Jessica Dillon, my baby, my first-born, my little girl who thought the moon followed her at night because her hair was (is) beautiful, got inked yesterday. Yup, ladies and germs, my daughter went and got herself a tattoo. She’s been wanting one for a while, a long while to be inexact.
Each time she inquired, begged, promised me favors that would never be carried out, I said the same thing, “When you are 18 and can pay for it yourself, you may get a tattoo. Now go scrub the cinders around the fireplace.”
I have not seen said tattoo yet. She is visiting my mother in San Diego, my mother who is already offering to have the thing lasered off, and the sneaky woman/child had it done there. She chose an infinity symbol followed by an ellipsis. I think she’s going for irony.
You might assume her permanent-body-marking actions bother me but then you would make an ass out of you and me because I am unconcerned. She didn’t commit a crime, bowl poorly on national television, or fall off her shoes and break her ankle. Plus, the slight fact that I have my own tramp stamp, applied at the grand old age of 35 whilst going through an I’m-getting-old crisis, gives me negative ammunition even if I wanted to fight her. That whole “do what I say, not what I do” argument doesn’t fly with my intelligent, authority-challenging girl.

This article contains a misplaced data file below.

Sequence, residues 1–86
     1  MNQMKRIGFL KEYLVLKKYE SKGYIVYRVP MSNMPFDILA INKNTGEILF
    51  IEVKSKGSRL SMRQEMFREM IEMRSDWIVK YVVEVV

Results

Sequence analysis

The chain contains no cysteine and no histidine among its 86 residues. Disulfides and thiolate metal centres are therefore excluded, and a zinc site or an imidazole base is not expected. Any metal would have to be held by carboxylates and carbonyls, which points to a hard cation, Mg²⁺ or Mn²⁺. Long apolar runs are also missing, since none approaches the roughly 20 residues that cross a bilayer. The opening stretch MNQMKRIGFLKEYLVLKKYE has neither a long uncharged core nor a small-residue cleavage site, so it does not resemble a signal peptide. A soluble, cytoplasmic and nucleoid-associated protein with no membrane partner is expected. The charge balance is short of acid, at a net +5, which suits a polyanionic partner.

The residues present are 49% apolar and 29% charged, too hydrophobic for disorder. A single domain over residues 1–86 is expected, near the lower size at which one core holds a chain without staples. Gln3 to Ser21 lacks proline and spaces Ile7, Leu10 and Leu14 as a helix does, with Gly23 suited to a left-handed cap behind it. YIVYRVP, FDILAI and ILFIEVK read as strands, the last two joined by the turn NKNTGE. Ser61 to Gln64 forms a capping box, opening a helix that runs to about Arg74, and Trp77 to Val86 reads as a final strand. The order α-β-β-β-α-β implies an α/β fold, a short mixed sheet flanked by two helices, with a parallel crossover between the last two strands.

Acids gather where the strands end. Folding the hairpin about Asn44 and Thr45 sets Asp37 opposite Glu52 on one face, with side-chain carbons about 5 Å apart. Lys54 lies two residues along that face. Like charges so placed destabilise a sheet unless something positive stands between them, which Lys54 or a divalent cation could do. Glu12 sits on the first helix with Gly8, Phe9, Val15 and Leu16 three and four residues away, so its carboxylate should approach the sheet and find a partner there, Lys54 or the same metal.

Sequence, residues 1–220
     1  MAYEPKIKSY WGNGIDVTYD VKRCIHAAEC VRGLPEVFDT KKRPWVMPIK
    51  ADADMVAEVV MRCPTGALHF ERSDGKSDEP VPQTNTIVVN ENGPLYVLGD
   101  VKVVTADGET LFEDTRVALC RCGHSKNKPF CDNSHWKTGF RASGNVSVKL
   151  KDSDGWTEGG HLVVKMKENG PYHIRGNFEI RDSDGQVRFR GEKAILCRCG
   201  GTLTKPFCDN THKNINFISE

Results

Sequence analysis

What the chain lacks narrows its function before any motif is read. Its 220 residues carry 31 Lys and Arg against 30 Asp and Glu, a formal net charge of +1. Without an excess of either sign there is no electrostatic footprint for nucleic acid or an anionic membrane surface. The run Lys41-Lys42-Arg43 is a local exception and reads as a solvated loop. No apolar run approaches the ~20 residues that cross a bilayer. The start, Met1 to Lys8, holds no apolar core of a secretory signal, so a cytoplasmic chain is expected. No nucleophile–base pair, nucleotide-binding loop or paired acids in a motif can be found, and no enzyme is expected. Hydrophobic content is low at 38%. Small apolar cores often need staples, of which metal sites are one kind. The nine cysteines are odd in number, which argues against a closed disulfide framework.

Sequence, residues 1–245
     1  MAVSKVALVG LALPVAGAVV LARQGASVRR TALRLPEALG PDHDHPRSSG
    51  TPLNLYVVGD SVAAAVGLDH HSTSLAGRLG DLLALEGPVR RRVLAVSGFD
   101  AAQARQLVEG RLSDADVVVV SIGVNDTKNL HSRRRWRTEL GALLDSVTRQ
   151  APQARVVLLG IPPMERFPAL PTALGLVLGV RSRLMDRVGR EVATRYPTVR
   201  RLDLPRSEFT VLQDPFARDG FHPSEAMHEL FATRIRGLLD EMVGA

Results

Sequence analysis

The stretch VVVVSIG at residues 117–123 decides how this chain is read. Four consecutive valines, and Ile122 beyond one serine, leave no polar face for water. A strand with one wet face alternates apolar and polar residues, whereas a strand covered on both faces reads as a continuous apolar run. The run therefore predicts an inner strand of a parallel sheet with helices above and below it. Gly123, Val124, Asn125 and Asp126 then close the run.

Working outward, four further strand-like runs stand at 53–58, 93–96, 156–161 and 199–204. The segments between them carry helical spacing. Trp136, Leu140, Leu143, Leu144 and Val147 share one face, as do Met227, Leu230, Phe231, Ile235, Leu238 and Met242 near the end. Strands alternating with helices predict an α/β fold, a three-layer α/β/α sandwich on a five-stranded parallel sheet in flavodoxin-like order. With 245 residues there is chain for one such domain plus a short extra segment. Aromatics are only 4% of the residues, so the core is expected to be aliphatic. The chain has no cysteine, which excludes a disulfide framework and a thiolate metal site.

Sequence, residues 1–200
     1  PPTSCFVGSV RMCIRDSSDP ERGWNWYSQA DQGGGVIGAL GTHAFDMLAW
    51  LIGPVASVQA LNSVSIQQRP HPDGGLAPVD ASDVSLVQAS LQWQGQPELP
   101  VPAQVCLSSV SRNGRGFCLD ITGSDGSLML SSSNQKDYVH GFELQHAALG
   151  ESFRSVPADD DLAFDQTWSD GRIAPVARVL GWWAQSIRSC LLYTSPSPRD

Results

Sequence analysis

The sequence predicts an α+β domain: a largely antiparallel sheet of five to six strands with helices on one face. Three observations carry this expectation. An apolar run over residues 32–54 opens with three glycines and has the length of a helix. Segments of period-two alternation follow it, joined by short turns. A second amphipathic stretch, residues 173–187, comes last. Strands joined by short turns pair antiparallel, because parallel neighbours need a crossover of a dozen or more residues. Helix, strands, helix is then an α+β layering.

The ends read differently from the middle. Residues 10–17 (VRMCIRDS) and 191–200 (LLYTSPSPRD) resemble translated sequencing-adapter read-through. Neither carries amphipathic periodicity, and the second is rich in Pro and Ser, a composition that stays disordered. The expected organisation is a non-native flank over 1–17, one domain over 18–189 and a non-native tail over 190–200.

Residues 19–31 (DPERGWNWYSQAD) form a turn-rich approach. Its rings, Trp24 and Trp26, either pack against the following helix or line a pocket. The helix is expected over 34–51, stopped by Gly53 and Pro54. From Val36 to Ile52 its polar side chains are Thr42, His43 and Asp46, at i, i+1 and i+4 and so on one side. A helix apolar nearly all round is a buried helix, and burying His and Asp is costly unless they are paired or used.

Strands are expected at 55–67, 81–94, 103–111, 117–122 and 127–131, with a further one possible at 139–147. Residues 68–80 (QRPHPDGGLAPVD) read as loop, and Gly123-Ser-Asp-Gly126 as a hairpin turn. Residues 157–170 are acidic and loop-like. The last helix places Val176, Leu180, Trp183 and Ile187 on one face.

The rest of the family, on the other hand, does not share my nonchalance. For you Jane Austen readers out there, it’s as if poor stupid Lydia eloped with Mr. Wickham all over again and, for that, we are all ruined. I’m not sure if David’s big brother will ever recover. I think he felt personally responsible for our shame and even offered to reimburse Jessica’s deposit money if she would change her unchangeable mind and retain her pristine flesh. Like that was going to happen. I’ve lived with the child for almost 19 years now; she’s nothing if not stubborn.
Today we welcome the return of the prodigal daughter, heads held high, ignoring the stares of those Lucases down the street (Jane Austen again, sorry). I hope I will like the tattoo. If not, c’est la vie. Worse things have (and do) happen.